Business situation in the automotive sector deteriorates significantly
The mood in the executive suites of the German automotive industry deteriorated noticeably in August: For the first time since April, the barometer for the business climate fell below the zero mark, as the Munich-based Ifo Institute announced on Friday regarding its survey. The main reason for this is that the business situation was assessed much more negatively: This value sank to minus ten points, after it was still at plus 7.5 points in July. Expectations brightened somewhat. Here, the barometer climbed from minus four to zero points. "The general clouding of the economy is also evident in the automotive sector," said Ifo expert Oliver Falck. "At the same time, suppliers are in a much worse mood than manufacturers."
The business climate index among auto manufacturers turned to minus 1.6, down from plus 5.8 in the previous month. "This was mainly due to a significantly more pessimistic assessment of their current situation," it said. Expectations for the coming months, on the other hand, were assessed more positively. Among suppliers, the business climate plunged to minus 11.4 points, having already stood at minus 4.9 points in July. Here, too, companies assessed their current situation as significantly worse than in the previous month, while the outlook brightened only slightly. At the same time, companies are more reluctant to hire new staff: The corresponding indicator for employment plans in the sector fell from plus 9.5 to minus 3.6 points.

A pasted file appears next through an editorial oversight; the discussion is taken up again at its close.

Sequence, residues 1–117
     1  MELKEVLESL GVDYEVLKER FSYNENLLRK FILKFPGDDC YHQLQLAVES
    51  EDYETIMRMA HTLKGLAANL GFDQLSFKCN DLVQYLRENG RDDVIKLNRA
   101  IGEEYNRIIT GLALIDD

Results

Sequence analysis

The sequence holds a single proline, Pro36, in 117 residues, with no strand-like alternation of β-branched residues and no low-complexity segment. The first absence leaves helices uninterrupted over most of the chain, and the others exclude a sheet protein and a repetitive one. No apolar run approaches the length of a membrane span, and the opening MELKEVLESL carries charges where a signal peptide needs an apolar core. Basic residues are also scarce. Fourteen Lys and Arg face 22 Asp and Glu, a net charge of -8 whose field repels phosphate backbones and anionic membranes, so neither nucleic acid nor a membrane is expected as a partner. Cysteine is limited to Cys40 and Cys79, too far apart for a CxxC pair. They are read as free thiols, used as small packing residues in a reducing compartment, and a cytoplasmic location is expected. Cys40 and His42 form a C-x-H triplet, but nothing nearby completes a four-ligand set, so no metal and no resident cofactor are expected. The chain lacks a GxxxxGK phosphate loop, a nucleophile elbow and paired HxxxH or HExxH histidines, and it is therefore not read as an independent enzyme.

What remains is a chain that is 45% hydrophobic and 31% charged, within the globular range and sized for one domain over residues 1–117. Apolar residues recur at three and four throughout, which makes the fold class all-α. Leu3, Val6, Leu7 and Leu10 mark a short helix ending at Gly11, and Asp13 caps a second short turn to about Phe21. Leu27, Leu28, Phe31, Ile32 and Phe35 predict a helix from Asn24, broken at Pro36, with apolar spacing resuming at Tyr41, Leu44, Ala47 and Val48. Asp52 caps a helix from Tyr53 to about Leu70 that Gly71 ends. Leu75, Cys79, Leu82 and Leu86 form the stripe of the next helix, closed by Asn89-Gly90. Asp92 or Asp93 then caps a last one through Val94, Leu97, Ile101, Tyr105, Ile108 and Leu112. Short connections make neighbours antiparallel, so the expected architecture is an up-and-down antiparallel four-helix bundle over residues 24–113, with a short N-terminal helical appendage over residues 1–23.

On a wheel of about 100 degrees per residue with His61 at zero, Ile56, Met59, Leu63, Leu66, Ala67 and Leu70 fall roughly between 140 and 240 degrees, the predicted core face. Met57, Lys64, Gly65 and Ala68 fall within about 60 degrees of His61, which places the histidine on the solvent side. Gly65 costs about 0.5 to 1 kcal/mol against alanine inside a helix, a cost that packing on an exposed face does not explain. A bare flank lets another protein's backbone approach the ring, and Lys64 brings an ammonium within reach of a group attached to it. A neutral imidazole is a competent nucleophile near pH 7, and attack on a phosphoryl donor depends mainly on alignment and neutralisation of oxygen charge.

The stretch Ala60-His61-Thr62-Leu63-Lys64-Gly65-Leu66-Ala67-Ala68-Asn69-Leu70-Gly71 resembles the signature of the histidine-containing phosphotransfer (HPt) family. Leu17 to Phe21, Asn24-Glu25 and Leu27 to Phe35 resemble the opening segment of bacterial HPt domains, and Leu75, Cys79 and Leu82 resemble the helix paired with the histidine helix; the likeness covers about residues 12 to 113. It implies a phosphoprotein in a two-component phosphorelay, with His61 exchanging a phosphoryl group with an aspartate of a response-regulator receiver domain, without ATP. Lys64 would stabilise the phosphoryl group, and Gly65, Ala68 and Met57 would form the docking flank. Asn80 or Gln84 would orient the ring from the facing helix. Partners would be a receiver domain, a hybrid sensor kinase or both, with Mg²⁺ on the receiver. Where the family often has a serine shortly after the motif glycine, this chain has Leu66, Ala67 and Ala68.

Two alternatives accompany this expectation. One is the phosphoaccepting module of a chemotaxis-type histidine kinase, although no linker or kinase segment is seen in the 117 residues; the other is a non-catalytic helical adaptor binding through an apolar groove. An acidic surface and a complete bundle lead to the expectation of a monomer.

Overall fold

The automotive industry has adjusted its expectations for the current year due to the material bottlenecks exacerbated by the Ukraine war and rapidly rising costs. While the situation in China has improved following the Corona lockdowns, expectations for the USA and Europe are being dampened by high inflation and rising interest rates, the German Association of the Automotive Industry (VDA) explained. For the U.S., for example, the VDA corrected its forecast significantly and, after previously predicting a slight decline of one percent, now expects sales to fall by seven percent to 13.8 million vehicles.